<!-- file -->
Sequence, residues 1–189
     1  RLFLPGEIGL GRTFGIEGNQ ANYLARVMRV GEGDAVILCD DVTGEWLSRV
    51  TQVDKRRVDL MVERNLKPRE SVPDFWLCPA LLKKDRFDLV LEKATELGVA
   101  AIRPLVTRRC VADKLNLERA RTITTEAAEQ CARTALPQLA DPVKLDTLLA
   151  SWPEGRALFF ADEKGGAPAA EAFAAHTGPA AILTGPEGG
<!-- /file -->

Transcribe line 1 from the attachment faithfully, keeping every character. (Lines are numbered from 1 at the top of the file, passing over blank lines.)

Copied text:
Sequence, residues 1–189